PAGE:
This week my article isn't for you. Oh, you'll read it; you'll send it to your friends; and I'm guessing you'll even send it to some family members. However, you'll find no strategic tips, no decklists, no hot new technology for your Magic deck. That's because today, I'm explaining what Magic: The Gathering is, and why Magic players love it so much. If I've done my job right, the next time someone says, “What the heck is Magic: The Gathering?” you can save yourself some time, and just answer, “Hold on, I'll send you a link to an article online.”
So, what is this “Magic” thing, anyway?
Magic: The Gathering (often “M:TG”, “MTG”, or “Magic”) is the first of the genre of games known as Collectible Card Games (CCGs) or Trading Card Games (TCGs). Premiering in 1993, the game is nearing its nineteenth birthday, and has seen stronger sales in the past few years than ever before. It is produced by Wizards of the Coast (“WotC” or “Wizards”), a subsidiary of Hasbro.
Magic is a card-based game of strategy, played by two players by default, but commonly played casually by three or more players. Within a game, players each assume the role of a powerful wizard, with the aim of defeating the opponent through means of powerful sorceries, enchantments and artifacts, or by summoning creatures to do battle. The cards portray a variety of fantasy worlds that mix classical fantasy (elves, orcs) and mythological (centaurs, sphinxes) tropes with original creations to create a world unique to the game. However, despite this vivid setting, players most often see the art as the “icing on the cake,” and - especially at higher competitive levels - Magic is no more considered a fantasy game than Chess is considered a war game.
When I'm asked what Magic is, my default answer has often been to describe it as a cross between Chess and Poker. Chess is a deep game of strategy and positioning, but has no element of randomness. It is a game of perfect information. That is, there is nothing hidden from either player. Poker, on the other hand, is completely about randomness and hidden information. Despite this, while any given hand could be won by a given player, skill generally wins out over the course of a night or a tournament, and being able to read your opponents' strategies and bluffs are the key to victory.
Lately, however, I've come to see that Magic actually has a surprising similarity to Scrabble. Scrabble is all about doing the best you can with tiles that are drawn randomly, and attempting to eke out positional advantages on a shared board without creating an opening for the opponent. Difficult decisions must be made in consideration of future plays (“Should I use this U now, or save it in case I draw the Q?”), and occasionally sheer luck will swing the game (“I can't believe that guy drew J-N-X when there was an I next to the Triple Word Score!”)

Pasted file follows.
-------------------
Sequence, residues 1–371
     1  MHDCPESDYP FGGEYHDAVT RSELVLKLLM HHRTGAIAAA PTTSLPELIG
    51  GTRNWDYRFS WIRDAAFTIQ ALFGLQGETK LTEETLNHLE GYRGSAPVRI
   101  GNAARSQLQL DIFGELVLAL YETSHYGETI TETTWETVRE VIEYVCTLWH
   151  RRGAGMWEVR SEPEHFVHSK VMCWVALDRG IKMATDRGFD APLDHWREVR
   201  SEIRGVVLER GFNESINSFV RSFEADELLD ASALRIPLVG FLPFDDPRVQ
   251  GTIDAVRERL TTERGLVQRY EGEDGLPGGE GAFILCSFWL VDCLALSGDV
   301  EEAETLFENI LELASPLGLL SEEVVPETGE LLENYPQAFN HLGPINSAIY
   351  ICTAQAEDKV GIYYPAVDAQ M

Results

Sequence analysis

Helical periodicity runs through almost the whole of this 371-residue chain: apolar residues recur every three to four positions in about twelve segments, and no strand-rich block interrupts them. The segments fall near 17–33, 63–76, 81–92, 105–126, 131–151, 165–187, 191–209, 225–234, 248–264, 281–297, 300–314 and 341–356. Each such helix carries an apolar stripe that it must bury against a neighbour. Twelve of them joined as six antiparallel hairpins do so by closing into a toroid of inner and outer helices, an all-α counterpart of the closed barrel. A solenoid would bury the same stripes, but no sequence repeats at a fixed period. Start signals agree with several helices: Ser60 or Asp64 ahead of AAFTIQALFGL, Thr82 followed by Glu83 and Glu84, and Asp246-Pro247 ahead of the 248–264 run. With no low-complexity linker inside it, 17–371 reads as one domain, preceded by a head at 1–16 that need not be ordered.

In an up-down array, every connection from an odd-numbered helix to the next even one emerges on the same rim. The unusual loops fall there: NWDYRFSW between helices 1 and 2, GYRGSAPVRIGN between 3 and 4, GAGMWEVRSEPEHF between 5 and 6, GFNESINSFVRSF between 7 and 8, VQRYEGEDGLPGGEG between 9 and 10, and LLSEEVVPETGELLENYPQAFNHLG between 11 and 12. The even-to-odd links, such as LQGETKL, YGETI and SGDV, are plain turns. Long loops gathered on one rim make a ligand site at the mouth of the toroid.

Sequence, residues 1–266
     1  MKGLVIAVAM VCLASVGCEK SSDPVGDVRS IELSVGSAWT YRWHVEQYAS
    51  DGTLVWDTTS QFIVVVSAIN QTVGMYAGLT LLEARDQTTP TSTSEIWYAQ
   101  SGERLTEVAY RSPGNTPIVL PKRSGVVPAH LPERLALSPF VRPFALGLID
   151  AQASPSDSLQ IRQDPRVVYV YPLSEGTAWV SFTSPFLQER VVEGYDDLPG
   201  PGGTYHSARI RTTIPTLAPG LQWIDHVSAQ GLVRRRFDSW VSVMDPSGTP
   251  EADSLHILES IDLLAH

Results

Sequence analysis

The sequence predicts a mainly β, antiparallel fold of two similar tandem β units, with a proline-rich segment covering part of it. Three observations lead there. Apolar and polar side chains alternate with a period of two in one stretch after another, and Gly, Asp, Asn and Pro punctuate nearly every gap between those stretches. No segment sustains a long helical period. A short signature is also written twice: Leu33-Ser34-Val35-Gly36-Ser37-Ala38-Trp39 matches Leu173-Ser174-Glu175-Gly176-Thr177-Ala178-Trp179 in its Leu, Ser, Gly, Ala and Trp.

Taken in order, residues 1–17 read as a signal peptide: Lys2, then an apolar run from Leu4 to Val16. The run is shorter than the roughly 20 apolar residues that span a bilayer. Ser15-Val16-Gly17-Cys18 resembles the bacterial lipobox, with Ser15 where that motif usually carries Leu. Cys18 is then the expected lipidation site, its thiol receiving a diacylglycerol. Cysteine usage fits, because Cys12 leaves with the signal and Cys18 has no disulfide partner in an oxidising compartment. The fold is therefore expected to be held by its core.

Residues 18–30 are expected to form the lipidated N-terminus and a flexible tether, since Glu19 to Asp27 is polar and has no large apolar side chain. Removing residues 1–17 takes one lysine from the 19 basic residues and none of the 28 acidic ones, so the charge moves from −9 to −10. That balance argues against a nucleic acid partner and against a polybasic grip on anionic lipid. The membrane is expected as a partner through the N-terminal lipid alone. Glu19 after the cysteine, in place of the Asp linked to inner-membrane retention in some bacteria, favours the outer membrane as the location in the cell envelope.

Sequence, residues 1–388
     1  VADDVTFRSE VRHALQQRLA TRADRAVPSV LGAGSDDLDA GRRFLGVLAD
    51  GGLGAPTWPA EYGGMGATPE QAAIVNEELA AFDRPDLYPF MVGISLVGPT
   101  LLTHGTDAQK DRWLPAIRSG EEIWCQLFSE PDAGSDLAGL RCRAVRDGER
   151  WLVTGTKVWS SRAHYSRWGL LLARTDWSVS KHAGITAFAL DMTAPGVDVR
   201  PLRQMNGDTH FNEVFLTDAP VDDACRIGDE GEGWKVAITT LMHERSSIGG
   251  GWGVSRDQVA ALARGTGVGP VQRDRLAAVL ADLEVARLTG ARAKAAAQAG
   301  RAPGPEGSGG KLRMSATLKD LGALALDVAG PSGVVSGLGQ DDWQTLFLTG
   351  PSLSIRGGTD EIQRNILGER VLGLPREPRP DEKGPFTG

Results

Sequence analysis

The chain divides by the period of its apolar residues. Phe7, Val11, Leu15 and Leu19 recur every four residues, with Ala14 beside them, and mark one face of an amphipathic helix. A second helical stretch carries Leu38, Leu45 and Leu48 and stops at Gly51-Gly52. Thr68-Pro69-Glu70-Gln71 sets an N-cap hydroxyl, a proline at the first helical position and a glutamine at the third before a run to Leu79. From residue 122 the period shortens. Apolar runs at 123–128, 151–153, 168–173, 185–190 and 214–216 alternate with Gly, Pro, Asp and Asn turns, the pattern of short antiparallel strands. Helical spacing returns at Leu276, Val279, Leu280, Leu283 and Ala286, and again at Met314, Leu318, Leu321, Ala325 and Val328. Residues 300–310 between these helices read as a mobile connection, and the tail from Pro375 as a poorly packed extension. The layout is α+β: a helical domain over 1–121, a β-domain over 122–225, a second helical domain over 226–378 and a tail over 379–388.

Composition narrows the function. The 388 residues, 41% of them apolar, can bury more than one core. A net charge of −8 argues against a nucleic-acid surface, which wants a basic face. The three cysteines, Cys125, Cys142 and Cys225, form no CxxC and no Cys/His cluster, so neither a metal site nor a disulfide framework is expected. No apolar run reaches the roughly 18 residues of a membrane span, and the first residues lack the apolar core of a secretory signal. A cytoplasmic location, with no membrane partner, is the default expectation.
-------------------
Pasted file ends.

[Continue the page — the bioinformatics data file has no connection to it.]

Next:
A game of Magic can last anywhere from five minutes (likely a lopsided victory) to over forty-five minutes (a long, drawn out game of attrition more closely resembling Chess). An average game will take roughly fifteen minutes, and in tournament play, players are granted fifty minutes to complete a best-of-three match.
Magic tournaments range from casual events such as local-store-run Friday Night Magic, in which the top players earn Magic packs or store credit, to premier events such as the Pro Tour, in which the top players earn thousands of dollars. In a tournament, players play a set number of rounds of Magic in “Swiss pairings” (a Chess structure in which no player is eliminated), and then typically a Top Eight is determined, based on record. From there, the Top Eight play single-elimination matches, and a winner is determined.
Though Magic is a game of skill, there is inherent variance; each turn, a player draws a random card from their deck. The game contains enough variance that matches are played best-two-of-three, and such that single-elimination is generally not preferred as a tournament structure. Because every game plays differently, players remain interested and excited, and it is generally the case that any given player has at least a small shot at winning against the best in the world, a feature that games such as Chess lack. This same “randomness factor” has been a source of frustration for players who find themselves defeated by players who they believed should not have been able to win. Despite the randomness factor, certain “pro” players continue to post impressive results, and it is rare for a true “unknown” player to win a tournament, confirming the skill factor inherent in Magic.
What Magic is not
Despite over eighteen years in the public's consciousness, Magic has yet to become a truly mainstream game, and a lot of misconceptions have persisted despite having absolutely no foundation in reality.